Fellow Writers: Six Ways to Stay Motivated

How do you stay motivated while writing/editing your work?

Here are a few tips that I’ve found help me stay motivated while writing/editing:

1) Set a weekly goal and reward yourself if and when you complete said goal.

I told myself I could buy myself THE DREAM THIEVES by Maggie Stiefvater if I edited up to chapter 20 by the end of the week. Don’t set your goals so low that it’s not even challenging, and don’t set your goals so high that you CAN’T complete your goal. Set it reasonably, and choose a reward that you would love and really, really want. Also, DO NOT reward yourself if you DO NOT complete your goal. That completely defeats the purpose.

2) Set a DAILY goal of how many hours/chapters/words to work on your book.

I told myself no less than two hours a day. That was a week ago. Now I’m in college, and I have suddenly found it harder to WANT to work on my book for two hours every day. I don’t want to burn myself out either. Solution: Lower the daily goal. Now I’m working 1+ hours a day. If I happen to go over that, and find myself working a two-hour shift on my book—WONDERFUL, MAGNIFICIENT, HOORAH. Don’t be afraid of goals, but don’t hurt yourself. Know your limits.

3) Make sure you READ, too.

Have you ever heard the saying, “To be a good writer, you must be a good reader”? It’s true, believe me. The more you read, the better you write. And I don’t know about you, but when I read really good books, I’m always inspired to write. Books are amazing inspirations for me. I make a point to read at least a few chapters of a book every day. I try to read an hour, but sometimes that doesn’t always work out. Read when you can. I love the days when I can spend ALL DAY reading.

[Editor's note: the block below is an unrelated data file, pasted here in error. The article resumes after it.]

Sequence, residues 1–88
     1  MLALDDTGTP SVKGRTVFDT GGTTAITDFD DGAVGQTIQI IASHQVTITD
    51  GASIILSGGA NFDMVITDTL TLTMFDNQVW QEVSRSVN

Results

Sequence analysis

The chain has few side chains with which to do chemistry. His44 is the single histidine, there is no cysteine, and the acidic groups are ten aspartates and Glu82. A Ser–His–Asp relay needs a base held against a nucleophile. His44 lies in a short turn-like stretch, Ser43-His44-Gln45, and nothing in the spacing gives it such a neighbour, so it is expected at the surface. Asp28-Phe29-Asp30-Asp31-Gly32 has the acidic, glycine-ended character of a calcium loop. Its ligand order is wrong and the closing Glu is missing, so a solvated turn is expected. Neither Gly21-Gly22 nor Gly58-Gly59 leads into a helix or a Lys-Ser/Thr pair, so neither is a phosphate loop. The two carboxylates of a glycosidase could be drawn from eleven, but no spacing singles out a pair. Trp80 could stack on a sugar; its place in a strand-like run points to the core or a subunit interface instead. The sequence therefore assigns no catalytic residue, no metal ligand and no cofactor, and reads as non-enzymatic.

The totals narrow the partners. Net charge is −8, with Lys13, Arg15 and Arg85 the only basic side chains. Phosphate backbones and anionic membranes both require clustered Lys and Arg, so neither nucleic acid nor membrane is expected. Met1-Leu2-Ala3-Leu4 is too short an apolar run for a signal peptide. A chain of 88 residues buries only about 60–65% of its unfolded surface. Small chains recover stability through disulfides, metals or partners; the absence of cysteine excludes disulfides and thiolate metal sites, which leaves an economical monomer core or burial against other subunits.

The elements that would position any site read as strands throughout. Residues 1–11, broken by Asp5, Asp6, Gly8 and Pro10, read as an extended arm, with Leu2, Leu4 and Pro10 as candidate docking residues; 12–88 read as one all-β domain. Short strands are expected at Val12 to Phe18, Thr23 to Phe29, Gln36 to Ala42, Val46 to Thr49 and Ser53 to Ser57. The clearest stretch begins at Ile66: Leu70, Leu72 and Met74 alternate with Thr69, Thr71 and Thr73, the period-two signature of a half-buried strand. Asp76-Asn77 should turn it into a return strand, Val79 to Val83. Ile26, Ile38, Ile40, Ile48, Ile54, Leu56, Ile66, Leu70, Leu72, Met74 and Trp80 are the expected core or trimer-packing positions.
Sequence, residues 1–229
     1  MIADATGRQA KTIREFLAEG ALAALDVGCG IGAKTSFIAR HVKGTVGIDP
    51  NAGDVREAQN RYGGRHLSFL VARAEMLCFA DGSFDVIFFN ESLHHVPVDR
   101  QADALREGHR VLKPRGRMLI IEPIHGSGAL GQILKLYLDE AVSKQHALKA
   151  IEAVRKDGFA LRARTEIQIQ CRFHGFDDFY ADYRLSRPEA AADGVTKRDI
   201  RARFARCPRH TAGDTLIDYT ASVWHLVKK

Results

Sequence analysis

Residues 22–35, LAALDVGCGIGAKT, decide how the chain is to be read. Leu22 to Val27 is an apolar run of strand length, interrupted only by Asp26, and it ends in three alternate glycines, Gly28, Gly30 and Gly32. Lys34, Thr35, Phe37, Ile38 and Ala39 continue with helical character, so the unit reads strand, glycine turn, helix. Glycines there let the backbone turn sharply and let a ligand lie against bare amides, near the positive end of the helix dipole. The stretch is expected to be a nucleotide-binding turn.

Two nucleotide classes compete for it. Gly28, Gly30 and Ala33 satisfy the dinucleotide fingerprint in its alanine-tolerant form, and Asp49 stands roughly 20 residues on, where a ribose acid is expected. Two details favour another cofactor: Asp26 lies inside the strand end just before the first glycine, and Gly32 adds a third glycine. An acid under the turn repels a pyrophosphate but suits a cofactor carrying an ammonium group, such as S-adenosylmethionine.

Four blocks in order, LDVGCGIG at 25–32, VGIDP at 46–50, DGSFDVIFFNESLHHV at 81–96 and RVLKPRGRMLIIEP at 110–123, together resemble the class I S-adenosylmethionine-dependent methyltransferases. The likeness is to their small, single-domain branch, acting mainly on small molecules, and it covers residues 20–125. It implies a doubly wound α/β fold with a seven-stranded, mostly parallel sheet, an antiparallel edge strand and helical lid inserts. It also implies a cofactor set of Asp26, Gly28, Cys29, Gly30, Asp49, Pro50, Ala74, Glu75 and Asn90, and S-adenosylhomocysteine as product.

Those are really good days.

4) Move your workspace.

Every hour or two, or maybe every other day, move where you work on your book. If you have a laptop, this is easy. If you don’t, this isn’t exactly something you can do. I like to write in my room or at the dining room table. Sometimes I’ll switch from one seat at the table to another. Even this little change is good and helps clear your brain.

5) Drink water and eat healthy snacks.

“What?” says Reader. “Why does this matter?” It matters A LOT. You see, our brains are mostly made up of water. When we are dehydrated, it hurts our brains. It’s harder to think and be creative while dehydrated or hungry. Healthy snacks are important because it energizes you. It’s harder to work when you’re tired. And it’s a proven fact that sugary snacks can make us tired.

6) Exercise.

This, too, is good for your brain. Good circulation enables your mind to think clearly.

Simply put, your health can help, and it’s extremely important.

What are some ways you have found that help you stay motivated?

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Whatever you do, do your work heartily, as for the Lord rather than for men. ~Colossians 3:23

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2 Comments

  1. This is actually very similar to the rules I’ve set for myself. Except I write best in my special writing place over other locales and I go for volume over time spent at the keyboard. 😉 But working out and reading and eating right? Spot on!

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